9/11 Suspects to be Tried at Guantanamo, Not NYC


9-11-trialNBC News reports that the accused mastermind of the Sept. 11 attacks will be tried in a military tribunal at Guantanamo Bay and not in federal court in Manhattan, just blocks from the World Trade Center site.

The Justice Department was expected to make the announcement today.

The Obama administration’s announcement in 2009 that it would seek to try Khalid Sheikh Mohammed and the other four suspects in civilian court was met with fierce opposition from many elected officials, families of victims and those who live and work in Lower Manhattan, who would have had to contend with several rings of heavy security for the months of the trial.

The decision to try them at a U.S. naval base in Guantanamo instead is a victory for Mayor Bloomberg.

The mayor had supported the trial in New York at first, but then reversed himself and came out against it, citing the cost of providing security would be too much for the city to bear. He had put the figure at $200 million a year, but never provided details on what that included.

Bloomberg told reporters at an event in the Bronx on Monday that the city could have accommodated the trial, but prefers that it won’t be held in federal court.

Police Commissioner Ray Kelly had also spoken out against trying the suspects in New York, saying at one point it would increase the threat of another terror attack.

The federal government had promised it would pay back the city for security costs, but would not have compensated business owners or others who would have been inconvenienced by the trial.

After pressure and opposition from Bloomberg and others, Attorney General Eric Holder shelved the plan last year, saying the White House was reviewing the decision.

Raising security concerns, conservative Republicans staunchly oppose trials in civilian courts inside the United States for terrorism suspects, saying they should be tried instead before military commissions at Guantanamo Bay.

The Obama administration had said that both civilian courts and military commissions should be available for such trials, pointing to the fact that dozens of terrorism-related cases have been handled in civilian courts.

Critics of the administration’s initial approach also argued that trials in civilian courts run a greater risk of acquittals than in military courts because of rules of evidence and rights afforded to suspects.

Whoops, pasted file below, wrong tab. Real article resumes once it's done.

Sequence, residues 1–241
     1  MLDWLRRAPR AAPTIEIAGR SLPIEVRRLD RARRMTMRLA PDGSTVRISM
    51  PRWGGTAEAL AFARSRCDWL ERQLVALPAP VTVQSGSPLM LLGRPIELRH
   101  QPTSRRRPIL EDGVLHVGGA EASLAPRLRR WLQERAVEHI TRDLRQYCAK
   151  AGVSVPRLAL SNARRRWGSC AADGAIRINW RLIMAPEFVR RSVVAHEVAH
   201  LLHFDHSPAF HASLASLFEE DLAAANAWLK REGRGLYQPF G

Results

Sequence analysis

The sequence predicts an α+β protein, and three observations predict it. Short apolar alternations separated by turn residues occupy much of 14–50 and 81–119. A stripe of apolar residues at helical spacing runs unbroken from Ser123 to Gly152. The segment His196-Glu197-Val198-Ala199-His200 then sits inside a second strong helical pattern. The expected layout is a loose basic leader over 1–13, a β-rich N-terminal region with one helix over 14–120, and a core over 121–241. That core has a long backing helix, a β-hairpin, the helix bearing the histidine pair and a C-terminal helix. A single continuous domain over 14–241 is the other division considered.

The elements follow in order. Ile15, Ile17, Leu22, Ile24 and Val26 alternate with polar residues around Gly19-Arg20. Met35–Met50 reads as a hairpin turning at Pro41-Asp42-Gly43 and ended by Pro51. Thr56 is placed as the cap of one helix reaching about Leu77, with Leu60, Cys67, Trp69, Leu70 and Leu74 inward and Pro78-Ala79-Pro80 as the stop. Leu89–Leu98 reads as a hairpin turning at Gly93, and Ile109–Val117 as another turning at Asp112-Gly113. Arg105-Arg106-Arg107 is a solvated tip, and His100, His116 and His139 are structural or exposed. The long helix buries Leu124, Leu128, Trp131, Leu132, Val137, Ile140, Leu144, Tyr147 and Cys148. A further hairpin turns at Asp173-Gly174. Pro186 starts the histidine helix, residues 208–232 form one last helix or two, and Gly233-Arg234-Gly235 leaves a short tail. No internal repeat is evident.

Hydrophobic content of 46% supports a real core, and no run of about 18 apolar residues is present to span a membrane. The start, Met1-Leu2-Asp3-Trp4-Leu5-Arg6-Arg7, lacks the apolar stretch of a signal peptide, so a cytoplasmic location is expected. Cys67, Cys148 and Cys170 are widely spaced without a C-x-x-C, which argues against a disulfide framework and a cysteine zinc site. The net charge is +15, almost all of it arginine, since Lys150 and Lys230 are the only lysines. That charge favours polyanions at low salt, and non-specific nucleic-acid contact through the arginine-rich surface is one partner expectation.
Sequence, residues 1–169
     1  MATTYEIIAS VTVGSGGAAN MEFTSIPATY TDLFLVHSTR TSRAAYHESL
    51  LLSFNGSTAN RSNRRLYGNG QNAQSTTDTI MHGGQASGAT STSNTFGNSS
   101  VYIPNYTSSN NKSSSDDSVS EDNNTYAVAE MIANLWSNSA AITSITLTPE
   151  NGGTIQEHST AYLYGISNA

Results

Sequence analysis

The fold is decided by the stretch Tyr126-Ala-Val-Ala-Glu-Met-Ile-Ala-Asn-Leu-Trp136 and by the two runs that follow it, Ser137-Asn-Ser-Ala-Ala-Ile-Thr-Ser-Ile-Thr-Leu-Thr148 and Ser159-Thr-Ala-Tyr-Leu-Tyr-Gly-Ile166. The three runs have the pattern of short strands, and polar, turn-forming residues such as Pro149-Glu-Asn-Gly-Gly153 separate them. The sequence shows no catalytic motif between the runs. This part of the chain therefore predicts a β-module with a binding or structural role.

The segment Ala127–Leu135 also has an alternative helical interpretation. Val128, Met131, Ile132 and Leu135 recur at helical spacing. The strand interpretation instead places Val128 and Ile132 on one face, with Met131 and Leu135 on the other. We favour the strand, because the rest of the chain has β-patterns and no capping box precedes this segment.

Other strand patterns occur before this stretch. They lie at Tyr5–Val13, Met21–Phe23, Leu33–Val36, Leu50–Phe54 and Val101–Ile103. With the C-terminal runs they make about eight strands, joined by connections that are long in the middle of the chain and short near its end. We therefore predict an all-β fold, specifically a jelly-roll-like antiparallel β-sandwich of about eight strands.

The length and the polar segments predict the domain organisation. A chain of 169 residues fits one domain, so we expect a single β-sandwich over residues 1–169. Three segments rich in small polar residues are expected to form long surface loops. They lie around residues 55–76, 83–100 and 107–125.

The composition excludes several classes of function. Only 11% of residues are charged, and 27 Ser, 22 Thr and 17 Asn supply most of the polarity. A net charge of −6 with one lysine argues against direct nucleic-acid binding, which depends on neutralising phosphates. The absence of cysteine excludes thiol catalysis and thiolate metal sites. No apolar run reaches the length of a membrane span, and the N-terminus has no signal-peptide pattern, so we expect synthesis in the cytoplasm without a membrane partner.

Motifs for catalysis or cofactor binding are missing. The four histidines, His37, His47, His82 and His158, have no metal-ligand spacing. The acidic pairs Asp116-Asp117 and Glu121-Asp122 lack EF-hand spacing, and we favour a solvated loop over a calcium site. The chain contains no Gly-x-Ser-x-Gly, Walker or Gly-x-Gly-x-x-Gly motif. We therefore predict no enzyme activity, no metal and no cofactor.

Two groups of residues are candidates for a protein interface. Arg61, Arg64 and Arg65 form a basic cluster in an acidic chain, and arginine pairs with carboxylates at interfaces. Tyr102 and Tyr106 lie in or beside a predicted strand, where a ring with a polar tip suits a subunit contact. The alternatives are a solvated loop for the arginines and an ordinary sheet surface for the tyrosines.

{NBC News/Matzav.com}


  1. comment # 1 should read a newspaper becasue then she would have the answer- he cant get Congress to approve what needs to be done to close Guantanamo.

    Clinton and Bush tried almost all of the non American terrorists from 1992 through 2008 in American courts and not in military courts. Obama/ Holder would have been no different. It seems that the reason is in part because of what was reported in CNN today

    “We weren’t out advocating for this decision,” a senior Defense official told CNN. “But we do have a court system (at Guantanamo Bay) that is both prepared to handle, and is already handling, people accused of crimes relating to terrorism.”
    The official said a lack of funding from Congress on more permanent detainment options for terrorist suspects within the continental United States “left the Justice Department short on options.”


  2. and to continue from above Eric holder said the following ( which we already knew) :
    He criticized restrictions imposed by Congress last year that banned the military from using its funds to transfer detainees to domestic soil, even for trials. “We must face a simple truth: those restrictions are unlikely to be repealed in the immediate future,”
    Mr. Holder said. “And we simply cannot allow a trial to be delayed any longer for the victims of the 9/11 attacks or for their families who have waited nearly a decade for justice.”

    And to quote Paul Campos professor of law at the University of Colorado on April 5th, 2011:
    ” The federal courts have been averaging more than 50 terrorist convictions a year since 9/11.”

    and further he said ” There isn’t a shred of evidence that our criminal courts can’t achieve something very close to a 100 percent conviction rate for people who have been charged with terrorism-related crimes, a category so broadly defined under federal law that it includes such things as giving any financial support to any group that has been classified as a terrorist organization. “